Next, you have to find out what licenses and permits you need for your business. You have to make sure you cover all the levels, from city to federal, and check whether your business requires any specific permits on any of these levels. Every business, must obtain a state license which is done through the Internal Revenue Service (IRS).

With all that done, it is time to focus on one of the most complex issues facing business owners: taxes.

Alabama Sales Tax Permits

According to the Alabama Department of Revenue, a business is required to pay tax within the state if the said business has a sales tax nexus. The sales tax nexus is a ‘significant presence’ in the state. To have a sales tax nexus, you must have a place of business or a retail store in the state, a warehouse or inventory, sales agents or regular presence in the state.

With that determined, you have to figure out whether what you sell is taxable. Services are generally tax-exempt while tax imposed on the retail sale of tangible personal property.

The next step is to apply for a sales tax permit. This can be done through the Alabama Department of Revenue official web application, My Alabama Taxes (MAT). Once registered online, it may take 3 to 5 days to receive an account number. To register you will have to provide personal identification information, business ID, business entity type and the date you started doing business in Alabama. You do not have to renew your sales tax permit in Alabama. However, any changes to the business, be it the address, name or the legal structure type, should be reported to the Department of Revenue.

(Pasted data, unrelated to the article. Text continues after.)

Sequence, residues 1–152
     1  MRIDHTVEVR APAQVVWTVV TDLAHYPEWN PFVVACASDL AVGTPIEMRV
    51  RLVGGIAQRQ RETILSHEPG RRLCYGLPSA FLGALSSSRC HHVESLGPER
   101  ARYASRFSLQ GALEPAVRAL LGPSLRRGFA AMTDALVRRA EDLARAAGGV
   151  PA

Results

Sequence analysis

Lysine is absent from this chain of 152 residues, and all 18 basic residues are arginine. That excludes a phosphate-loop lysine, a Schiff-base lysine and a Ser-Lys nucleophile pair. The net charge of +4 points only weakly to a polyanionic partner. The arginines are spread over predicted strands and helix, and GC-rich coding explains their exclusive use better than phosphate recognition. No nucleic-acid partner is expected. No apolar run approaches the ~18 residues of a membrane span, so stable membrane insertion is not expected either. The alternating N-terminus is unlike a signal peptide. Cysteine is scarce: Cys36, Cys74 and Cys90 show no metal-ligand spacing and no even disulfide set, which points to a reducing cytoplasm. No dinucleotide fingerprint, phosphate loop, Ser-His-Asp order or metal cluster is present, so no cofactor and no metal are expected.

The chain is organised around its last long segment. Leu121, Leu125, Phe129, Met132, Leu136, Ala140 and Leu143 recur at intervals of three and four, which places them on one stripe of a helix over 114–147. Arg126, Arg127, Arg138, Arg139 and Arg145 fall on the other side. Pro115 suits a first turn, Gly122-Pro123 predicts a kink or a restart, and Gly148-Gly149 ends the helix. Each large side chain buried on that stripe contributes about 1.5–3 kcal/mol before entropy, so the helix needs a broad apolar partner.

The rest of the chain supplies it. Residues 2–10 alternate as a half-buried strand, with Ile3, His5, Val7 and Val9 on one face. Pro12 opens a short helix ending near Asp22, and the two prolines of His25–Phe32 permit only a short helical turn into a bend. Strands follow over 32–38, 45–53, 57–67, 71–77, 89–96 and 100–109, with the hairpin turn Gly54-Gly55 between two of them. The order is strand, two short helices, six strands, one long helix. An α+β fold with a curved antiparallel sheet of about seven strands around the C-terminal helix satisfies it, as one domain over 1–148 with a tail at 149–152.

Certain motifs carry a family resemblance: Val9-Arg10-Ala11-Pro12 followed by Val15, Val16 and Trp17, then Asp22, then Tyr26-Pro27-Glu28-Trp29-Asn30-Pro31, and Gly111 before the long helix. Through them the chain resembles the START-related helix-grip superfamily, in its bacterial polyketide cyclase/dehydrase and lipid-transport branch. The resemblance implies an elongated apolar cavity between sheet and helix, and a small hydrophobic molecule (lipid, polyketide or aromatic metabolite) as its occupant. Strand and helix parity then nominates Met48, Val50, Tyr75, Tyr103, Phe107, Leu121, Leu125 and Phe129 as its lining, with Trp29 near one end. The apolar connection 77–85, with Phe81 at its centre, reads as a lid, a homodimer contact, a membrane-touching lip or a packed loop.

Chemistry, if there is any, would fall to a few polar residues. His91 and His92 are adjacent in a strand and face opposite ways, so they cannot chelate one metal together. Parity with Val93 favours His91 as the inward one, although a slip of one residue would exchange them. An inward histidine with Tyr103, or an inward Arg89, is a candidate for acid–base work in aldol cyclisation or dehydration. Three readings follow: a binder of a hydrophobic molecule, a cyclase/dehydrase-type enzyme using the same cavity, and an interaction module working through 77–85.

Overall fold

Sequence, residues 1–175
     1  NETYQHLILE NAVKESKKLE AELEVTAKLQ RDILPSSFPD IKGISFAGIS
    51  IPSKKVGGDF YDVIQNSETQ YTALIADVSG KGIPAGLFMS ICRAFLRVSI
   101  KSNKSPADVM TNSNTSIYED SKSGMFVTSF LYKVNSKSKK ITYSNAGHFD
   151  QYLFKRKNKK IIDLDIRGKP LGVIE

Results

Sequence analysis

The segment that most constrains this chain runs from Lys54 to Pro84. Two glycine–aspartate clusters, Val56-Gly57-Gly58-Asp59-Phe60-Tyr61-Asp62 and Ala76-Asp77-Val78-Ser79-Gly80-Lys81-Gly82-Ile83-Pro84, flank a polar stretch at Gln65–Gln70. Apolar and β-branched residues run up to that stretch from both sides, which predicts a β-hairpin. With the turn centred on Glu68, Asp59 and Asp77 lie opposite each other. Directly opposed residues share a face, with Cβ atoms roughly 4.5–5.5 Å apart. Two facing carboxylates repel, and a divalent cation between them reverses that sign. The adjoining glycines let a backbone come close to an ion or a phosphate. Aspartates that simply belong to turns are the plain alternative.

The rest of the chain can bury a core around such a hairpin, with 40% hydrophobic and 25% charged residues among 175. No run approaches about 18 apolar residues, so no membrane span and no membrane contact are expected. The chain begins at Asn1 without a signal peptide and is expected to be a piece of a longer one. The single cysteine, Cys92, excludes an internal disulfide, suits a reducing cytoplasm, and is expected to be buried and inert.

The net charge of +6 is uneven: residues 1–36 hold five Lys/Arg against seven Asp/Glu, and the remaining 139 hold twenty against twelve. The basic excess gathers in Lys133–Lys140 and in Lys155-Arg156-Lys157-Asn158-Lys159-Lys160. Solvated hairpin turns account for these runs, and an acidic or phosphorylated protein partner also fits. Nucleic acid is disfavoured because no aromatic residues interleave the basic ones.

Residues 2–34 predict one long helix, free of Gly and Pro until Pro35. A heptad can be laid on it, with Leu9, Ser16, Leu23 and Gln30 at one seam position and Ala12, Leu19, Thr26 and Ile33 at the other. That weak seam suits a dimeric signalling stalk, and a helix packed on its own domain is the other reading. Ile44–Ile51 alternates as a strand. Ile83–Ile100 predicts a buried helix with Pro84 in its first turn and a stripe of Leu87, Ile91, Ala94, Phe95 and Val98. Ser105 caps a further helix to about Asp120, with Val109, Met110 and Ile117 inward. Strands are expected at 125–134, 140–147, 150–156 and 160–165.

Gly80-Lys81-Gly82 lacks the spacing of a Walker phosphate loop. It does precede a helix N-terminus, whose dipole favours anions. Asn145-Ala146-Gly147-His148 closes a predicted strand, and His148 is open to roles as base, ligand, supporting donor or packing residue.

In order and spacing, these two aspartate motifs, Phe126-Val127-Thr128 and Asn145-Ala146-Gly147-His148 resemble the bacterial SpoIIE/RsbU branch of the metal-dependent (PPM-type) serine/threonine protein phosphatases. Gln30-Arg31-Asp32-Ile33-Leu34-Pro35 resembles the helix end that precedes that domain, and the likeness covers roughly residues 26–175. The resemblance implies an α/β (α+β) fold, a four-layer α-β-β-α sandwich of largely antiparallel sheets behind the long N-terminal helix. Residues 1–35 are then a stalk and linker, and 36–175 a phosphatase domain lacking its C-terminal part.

Sales Tax Exemptions in Alabama

Not all sales are taxed in the state of Alabama. Sales of prescription drugs, gasoline and motor oil, fertilizer/insecticides/fungicides, seeds for planting purposes, feed for livestock and poultry, baby chicks and poults, livestock, sales to the United States, state of Alabama and other governmental agencies of the state are not taxed.

The state also does not tax the sales defined as wholesale sales. These are the sales of tangible personal property to licensed retail merchants, jobbers, dealers, or other wholesalers for resale. The seller must maintain the sales tax number or exemption number for these customers. This means that if you qualify for the Alabama sales tax exemption number. You have to apply for the sales and use tax certificate of exemption (Form STE-1) all of which is done through the MAT application.

In case you are presented with the Alabama sales tax exemption number, you can check the validity through the MAT. In any case, whether you are providing or receiving it, the exemption certificate has to contain the name and address of the vendor to whom the certificate copy is being provided, the date the certificate is provided, the basis for the certificate holder’s exemption claim, and it has to be signed by the certificate holder.

Contact Details

Alabama Department of Commerce

401 Adams Avenue
P.O. Box 304106
Montgomery, AL 36130-4106
Phone: 800.248.0033
Media Inquiries: 334.242.0400
Email: contact@madeinalabama.com

Alabama Secretary of State

P.O. Box 5616
Montgomery, Alabama 36103-5616
Phone: 334-242-7200
Email: John.Merrill@sos.alabama.gov

Alabama Department of Revenue

50 North Ripley Street
Montgomery, AL 36104

Sales, Use & Business Tax Division

P.O. Box 327550
Montgomery, AL 36132-7550
Phone: (334) 353-7827

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Jordan Hall